By Andrew Mason, co-founder and Technical Director at RandomStorm
The Payment Card Industry Data Security Standard (PCI DSS) is a set of internationally recognised guidelines for any company that processes, stores, or transmits customers' payment card details. The Standard was devised by the Payment Card Industry Security Standards Council, formed by Mastercard, Visa, American Express, JCB and Discover Financial Services. The guidelines are designed to prevent payment card fraud by educating companies on best practice when handling and storing payment card details.
Version 2.0 of the Standard came into force on 1st January 2011 and lists 214 security requirements that must be followed. While this sounds overwhelming, the Standard can be summarised into 12 core components for restricting access to payment card data and securing IT networks on which that data is stored.
Understandably, companies are very concerned about protecting customers' payment card details in the wake of the attack on Sony PlayStation Network.
In the following article I have provided some practical advice on how to comply with the 12 core requirements:
1 - Install and maintain a firewall configuration to protect cardholder data
Under PCI DSS guidelines, your Cardholder Data Environment (CDE) should be segmented from your corporate network. Therefore, it is important to ensure that firewalls are in place at all perimeter points where your computer is connecting with external networks, particularly the Web gateway. A firewall is a piece of software or hardware that protects computers on your internal network by restricting traffic and preventing certain transactions, based on a defined rule set.
The firewalls have to be configured following industry best practices, rather than vendor's default settings and policies and procedures have to be in place to protect the ongoing support and any changes to the firewall, including regular testing.
It is always advisable to pick one of the leading vendors for firewall technology to ensure ongoing support and the provision of timely security updates.
2 - Do not use vendor-supplied defaults for system passwords and other security parameters
Most network equipment comes with vendor supplied default credentials and configuration settings. It is astonishing how many companies we speak to that have not changed these default settings as these are a very effective attack vector for a potential hacker targeting your business. There are freely available lists of default passwords and default settings for most hardware available on the Internet. Every good penetration tester will use these default settings as part of their arsenal, to test whether your network is vulnerable. If they are available to the good guys, then thieves will use them too.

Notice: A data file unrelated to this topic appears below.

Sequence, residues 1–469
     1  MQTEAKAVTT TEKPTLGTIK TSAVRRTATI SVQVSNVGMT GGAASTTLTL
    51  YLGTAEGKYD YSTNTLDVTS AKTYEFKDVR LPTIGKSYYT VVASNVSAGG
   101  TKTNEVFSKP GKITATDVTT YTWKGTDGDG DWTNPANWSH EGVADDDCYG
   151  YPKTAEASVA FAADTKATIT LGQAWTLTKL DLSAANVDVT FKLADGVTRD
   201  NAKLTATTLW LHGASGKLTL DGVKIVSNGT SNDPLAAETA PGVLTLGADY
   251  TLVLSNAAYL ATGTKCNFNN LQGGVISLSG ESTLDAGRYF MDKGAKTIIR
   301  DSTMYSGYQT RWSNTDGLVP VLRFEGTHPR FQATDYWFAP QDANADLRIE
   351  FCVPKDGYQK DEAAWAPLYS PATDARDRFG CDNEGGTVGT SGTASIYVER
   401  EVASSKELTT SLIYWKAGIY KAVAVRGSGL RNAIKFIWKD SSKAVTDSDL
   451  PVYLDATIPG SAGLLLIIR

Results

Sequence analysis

One example of this is an Oracle database. Oracle creates several default accounts at install time and more often than not, on a penetration test, the consultant will be able to connect to an Oracle database, posing as a user with escalated privileges, by using one of these default accounts that was not disabled before implementation.
Part of the commissioning plan for any new equipment should address the changing of vendor supplied defaults and testing the system before implementation to ensure these have been removed or changed.
3 - Protect stored cardholder data
If you have to store cardholder data within your CDE then you have a duty to ensure that it is protected in line with business, legal, or regulatory standards. Cardholder data should only be retained for as long as required and this should be specified in your data retention policy.
Cardholder data should be masked when displayed to employees who require visual access, such as in customer service departments, so that they cannot see the full Permanent Account Number (PAN) and all stored cardholder data should be encrypted to ensure that it cannot be read as clear text.
By encrypting cardholder data and masking off parts of the PAN, your company ensures that a hacker would not be able to extract usable cardholder data if they were successful in breaching your perimeter defences (physical and firewall) and a dishonest employee cannot compromise customers' details to commit fraud.
It is very important to implement a strong encryption method and to ensure the encryption keys are managed in line with industry best practices and this should be regularly reviewed and tested.
4 - Encrypt transmission of cardholder data across open, public networks
If you are a large organisation with branch offices, or if you work with several partner companies, you may have a business need to transmit cardholder data across your corporate network and some of your network may use public connections. It is therefore imperative to ensure that this data is encrypted with industry standard encryption protocols such as the IPsec protection suite. It is recommended that any corporate communication over public networks is encrypted as a default.
One area of common concern is the use of MPLS networks from service providers. Although the service provider classes these as private, they sometimes fail over to public connections, so it is advisable to either obtain written proof from the service provider that any MPLS network in use is fully private or to ensure that transport level encryption is used between the MPLS end points as an additional level of security.